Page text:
Mister: It was one long trip.

Me: No, I mean, how can you remember this is where you stopped?

Mister: Oh, they have an alligat0r pond around here somewhere.

Me, eyeing the drainage ditch, only yards away: I don’t see an alligator pond.  Where are we anyway?

Mister: Oh, it’s probably kind of grown over; it’s behind that big sign, I think.  We’re in Starke; you know, where the state prison is.

Me, eyeing the other cars: Oh, um, yeah, I guess I did know that.

So, in we all troop.  The kids fan out to look out all the amazing souvenir creatures that can be made from shells.  The Mister, of course, strikes up a conversation with the proprietor/clerk, who from the looks of things was probably there in 1993, and confirms that there is indeed an alligator pond round back.  I head on outside, and he follows a few minutes later with a small bag, which I realize must be what we’ve come to call a “pity purchase,” that is, some small purchase made entirely because we feel sorry for the store owner.  In this case, it turned out to be beautiful white sea star for me and a jar of coconut toast spread.IMG_2171We find the pond, complete with large gator, probably about 10 feet in length.  The pond was triple-fenced, and I took some comfort in that.  I wish I had a picture to show, but the pool was so shadowy and shady that a good shot was impossible.  Nevertheless, we succumbed to the Seminole legend, and tossed in a few coins.  My wish came true almost immediately—minutes later I was back in the air-conditioned van, and we were driving away—the Mister and I each thinking the other was completelyIMG_2173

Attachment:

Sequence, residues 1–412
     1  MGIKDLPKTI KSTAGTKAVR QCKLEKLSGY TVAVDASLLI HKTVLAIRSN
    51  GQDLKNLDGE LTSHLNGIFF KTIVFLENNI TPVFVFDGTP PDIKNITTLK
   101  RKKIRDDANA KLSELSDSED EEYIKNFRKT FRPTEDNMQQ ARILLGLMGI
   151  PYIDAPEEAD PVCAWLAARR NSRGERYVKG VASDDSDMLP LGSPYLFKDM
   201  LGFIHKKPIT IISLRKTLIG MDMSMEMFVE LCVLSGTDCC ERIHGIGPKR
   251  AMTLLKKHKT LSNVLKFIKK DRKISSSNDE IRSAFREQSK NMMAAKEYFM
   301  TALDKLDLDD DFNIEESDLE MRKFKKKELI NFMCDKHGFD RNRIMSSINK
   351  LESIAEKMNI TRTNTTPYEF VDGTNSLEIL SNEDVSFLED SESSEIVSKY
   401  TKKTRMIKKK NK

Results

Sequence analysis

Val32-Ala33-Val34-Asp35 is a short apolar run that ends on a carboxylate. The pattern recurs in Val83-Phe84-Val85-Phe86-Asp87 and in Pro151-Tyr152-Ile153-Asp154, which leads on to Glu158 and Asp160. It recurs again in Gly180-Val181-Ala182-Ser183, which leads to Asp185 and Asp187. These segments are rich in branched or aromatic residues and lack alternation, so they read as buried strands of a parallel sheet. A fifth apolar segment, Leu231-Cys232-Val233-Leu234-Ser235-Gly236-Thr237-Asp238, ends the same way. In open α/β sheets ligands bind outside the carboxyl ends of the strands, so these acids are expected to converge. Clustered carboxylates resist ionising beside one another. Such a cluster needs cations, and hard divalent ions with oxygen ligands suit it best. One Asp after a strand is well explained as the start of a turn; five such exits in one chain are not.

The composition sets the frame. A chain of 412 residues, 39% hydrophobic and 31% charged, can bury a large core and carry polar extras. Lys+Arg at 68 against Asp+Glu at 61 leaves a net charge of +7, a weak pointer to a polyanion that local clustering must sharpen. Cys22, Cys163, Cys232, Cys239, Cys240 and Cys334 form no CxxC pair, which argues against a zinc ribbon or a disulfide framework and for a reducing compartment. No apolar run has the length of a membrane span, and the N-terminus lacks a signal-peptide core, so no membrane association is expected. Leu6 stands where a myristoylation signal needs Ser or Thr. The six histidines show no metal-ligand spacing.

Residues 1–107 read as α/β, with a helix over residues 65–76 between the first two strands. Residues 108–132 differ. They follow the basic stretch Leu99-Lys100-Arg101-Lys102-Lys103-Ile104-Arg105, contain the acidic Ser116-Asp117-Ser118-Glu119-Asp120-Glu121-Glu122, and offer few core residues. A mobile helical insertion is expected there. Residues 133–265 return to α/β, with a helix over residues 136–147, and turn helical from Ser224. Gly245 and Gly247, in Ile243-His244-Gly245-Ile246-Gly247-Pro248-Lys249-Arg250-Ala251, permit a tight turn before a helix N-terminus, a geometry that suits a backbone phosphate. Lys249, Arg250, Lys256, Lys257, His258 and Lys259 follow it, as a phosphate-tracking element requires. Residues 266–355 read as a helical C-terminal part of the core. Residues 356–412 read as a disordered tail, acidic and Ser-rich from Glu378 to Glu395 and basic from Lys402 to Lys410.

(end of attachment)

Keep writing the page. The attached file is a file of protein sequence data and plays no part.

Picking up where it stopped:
!